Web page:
What if:

we knew how well-loved we are?

There is a deficit in each of us, an uncertainty about who we are and why we are here. Sin-suffering compounds this deficit; we don’t know “who” and “why” in the face of enormous pain. If God were to somehow exist in this ugliness, we wouldn’t want anything to do with such a monster.

The insecurity continues while we seek to make some meaning on our own of our lives here, the birthing and dying of our human brothers and sisters. We sense a commonality with one another but reject the connection when inevitable dysfunction surfaces and divides us.

We look behind ourselves to understand who and why but these “rags and tatters” can’t possibly provide a complete, indisputable record with voices as torn parchment and cities in ruins. We look beyond ourselves but find only galaxies stretching well beyond our comprehension.

These big mysteries defy answers. Time and space exist outside the grasp of what we can hold and define and manipulate. They simply ARE. Who and why remain working hypotheses and ground for much discord. How do we belong in such a hostile environment?

The voice that rises above our misery is mercy. Forgiveness reverberates because it is rebellious. It defies sin by throwing off chains of condemnation to establish clemency. This freedom produces a revelation: in the face of the monstrous and mysterious, it is not answers that satisfy but peace. We begin to belong in one another by being known and accepted.

Mercy goes against every conventional wisdom: evolution and empires (“survival of the fittest”), societal systems of justice and merit (“eye for an eye” and “earn your way”), the “American” dream of individual freedom (“to each his own”). While we are often willing to be lenient like giving in to a child’s plea for candy, we don’t often want to give up like removing a child’s offense from record and without punishment. We don’t mind granting pardon but never wish to give up our right to judge.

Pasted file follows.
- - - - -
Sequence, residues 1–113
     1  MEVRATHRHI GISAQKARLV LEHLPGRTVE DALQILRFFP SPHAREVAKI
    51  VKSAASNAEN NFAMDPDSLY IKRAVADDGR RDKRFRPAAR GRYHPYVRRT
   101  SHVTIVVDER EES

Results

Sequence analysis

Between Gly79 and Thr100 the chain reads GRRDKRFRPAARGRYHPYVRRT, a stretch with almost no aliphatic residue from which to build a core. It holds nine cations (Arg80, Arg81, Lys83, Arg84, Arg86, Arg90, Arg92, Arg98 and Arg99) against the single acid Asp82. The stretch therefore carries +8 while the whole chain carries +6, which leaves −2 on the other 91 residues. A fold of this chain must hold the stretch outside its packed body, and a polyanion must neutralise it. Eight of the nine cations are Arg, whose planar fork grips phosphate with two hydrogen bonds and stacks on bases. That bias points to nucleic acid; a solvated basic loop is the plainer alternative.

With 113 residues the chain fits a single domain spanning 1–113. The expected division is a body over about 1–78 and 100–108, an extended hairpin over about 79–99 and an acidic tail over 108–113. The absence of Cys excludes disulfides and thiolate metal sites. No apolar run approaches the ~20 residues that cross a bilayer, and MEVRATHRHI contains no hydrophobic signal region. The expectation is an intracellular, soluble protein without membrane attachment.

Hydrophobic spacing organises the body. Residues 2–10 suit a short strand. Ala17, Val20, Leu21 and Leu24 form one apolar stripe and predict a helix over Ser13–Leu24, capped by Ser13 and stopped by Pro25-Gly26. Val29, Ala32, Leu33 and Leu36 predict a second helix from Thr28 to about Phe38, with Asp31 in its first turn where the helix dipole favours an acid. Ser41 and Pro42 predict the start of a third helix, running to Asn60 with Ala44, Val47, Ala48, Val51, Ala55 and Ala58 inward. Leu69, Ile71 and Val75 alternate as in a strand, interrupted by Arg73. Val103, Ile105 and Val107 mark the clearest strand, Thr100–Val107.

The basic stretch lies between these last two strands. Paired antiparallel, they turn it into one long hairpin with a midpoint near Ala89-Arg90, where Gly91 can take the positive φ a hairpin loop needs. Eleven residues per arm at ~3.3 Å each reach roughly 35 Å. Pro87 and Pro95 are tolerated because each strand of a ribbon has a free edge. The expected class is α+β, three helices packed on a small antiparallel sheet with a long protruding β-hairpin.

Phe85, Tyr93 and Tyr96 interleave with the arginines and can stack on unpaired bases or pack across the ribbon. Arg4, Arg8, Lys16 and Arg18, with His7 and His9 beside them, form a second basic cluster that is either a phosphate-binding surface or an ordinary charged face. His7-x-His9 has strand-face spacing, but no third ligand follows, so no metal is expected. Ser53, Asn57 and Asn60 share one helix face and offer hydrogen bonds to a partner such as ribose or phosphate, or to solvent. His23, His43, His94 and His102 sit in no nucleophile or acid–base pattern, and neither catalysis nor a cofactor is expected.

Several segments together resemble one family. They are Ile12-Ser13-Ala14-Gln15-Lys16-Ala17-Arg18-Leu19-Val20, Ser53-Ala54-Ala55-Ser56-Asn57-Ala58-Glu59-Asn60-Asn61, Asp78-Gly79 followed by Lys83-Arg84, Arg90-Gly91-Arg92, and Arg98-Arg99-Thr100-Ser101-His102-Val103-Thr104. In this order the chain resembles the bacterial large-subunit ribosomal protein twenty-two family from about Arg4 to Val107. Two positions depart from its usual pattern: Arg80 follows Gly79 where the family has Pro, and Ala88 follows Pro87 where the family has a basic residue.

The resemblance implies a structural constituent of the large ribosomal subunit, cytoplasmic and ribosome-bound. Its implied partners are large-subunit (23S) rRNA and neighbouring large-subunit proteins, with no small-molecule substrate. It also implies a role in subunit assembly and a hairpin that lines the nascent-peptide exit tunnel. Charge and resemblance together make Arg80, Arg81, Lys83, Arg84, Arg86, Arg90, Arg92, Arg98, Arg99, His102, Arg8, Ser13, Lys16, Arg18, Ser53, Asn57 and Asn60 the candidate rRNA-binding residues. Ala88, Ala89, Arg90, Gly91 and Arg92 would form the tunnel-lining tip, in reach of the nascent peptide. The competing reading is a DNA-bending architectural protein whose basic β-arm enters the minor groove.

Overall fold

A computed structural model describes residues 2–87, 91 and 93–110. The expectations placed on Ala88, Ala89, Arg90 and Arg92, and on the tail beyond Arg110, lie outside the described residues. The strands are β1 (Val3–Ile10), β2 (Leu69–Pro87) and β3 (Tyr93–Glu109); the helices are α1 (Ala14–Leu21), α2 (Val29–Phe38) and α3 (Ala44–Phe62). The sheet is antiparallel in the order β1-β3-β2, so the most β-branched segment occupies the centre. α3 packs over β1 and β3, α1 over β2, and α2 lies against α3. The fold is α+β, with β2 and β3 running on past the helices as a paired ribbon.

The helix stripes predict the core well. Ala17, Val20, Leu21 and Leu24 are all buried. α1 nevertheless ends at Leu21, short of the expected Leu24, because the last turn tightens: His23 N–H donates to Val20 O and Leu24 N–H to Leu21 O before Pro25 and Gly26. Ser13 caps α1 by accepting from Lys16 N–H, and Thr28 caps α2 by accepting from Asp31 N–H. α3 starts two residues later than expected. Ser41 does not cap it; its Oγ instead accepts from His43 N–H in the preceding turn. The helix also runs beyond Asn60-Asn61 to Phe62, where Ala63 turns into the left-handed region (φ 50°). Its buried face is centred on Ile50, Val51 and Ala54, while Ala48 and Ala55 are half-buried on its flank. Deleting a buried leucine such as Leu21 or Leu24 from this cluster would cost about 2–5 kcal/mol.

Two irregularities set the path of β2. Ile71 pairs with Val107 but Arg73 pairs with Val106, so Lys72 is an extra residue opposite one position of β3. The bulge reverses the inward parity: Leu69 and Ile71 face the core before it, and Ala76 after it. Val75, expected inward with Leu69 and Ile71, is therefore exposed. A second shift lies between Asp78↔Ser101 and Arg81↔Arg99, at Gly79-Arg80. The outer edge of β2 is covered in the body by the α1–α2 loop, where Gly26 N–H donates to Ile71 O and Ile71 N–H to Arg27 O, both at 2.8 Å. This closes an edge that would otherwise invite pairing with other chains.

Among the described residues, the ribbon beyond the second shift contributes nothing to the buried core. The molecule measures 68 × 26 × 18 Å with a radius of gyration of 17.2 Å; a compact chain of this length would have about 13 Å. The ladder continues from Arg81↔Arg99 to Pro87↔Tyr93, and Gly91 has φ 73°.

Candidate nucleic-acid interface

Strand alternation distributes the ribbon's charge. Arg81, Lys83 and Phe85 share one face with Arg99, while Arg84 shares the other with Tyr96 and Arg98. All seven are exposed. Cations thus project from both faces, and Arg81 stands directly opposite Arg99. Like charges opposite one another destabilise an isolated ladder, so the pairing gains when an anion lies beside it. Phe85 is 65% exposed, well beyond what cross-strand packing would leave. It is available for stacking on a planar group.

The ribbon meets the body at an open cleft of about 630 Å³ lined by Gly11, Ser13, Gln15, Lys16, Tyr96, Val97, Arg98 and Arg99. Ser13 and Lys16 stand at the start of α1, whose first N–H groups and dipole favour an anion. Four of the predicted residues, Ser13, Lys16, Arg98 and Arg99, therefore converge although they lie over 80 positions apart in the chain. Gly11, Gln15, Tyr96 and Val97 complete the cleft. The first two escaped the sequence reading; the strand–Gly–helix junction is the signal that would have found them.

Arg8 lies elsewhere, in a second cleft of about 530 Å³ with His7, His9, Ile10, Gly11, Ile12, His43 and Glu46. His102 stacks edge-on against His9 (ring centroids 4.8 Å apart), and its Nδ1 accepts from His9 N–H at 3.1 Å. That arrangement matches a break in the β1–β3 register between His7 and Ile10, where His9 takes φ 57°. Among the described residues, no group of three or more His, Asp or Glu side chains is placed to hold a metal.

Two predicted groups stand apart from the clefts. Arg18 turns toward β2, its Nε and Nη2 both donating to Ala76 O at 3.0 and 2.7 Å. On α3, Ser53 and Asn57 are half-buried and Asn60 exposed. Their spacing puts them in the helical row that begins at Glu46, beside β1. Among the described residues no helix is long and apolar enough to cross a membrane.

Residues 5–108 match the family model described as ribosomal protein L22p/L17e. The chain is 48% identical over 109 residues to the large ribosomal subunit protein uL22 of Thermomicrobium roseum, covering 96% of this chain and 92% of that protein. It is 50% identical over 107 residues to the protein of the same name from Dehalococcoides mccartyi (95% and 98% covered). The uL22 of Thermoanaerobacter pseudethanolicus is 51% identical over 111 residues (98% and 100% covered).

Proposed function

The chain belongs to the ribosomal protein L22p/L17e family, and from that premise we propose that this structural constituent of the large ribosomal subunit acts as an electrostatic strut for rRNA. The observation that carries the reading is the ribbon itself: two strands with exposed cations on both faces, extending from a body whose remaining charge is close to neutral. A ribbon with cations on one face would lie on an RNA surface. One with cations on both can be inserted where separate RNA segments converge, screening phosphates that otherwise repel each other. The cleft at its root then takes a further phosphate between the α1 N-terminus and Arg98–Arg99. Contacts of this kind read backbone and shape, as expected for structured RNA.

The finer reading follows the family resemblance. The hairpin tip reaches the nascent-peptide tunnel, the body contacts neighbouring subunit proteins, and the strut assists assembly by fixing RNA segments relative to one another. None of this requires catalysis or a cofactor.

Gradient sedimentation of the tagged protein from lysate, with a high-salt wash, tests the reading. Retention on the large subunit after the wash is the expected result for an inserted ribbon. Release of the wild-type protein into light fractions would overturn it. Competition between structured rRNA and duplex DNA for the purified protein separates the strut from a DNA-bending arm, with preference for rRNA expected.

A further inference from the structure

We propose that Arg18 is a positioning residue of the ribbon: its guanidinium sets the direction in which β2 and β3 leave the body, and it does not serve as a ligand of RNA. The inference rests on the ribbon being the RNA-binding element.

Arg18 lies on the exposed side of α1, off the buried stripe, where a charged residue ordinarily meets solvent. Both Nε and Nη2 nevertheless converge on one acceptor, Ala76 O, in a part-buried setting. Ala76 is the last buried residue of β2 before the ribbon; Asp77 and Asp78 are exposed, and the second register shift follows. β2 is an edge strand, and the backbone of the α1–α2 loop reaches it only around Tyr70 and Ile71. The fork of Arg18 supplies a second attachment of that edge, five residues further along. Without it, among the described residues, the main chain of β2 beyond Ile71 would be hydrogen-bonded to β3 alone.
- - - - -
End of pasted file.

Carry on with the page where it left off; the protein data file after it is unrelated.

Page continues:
Despite our objections, forgiveness surrenders these entitlements. If not from us, where could it possibly come?

While we hope for victory in sufficiency, the conquest has come through a ministry of reconciliation. While we hope for a hero to emerge in valor and strength and a display of power, Jesus Christ modeled those very things in mercy. Sin isn’t his fault but he bore its consequence as our substitute.

The incredulous is not impossible; unlikely and unusual, yes, but rare and wondrous. This is the cross: rare and wondrous. This is us: unlikely and unusual.

We are justified: known and accepted and patiently restored to our original condition.

Why, God?

“Because I love you.”

That’s it and everything. To the degree we believe this, our identity deficit shrinks.  Hold fiercely to the knowledge that he designed mercy to delight in you.

 

 

 

2 Comments

  1. Kayla K.

    Great writing, Andrea! There’s a few convicting statements in here that I’ll be chewing on. But let’s be real, I’m still chewing on “loving gray”! Haha

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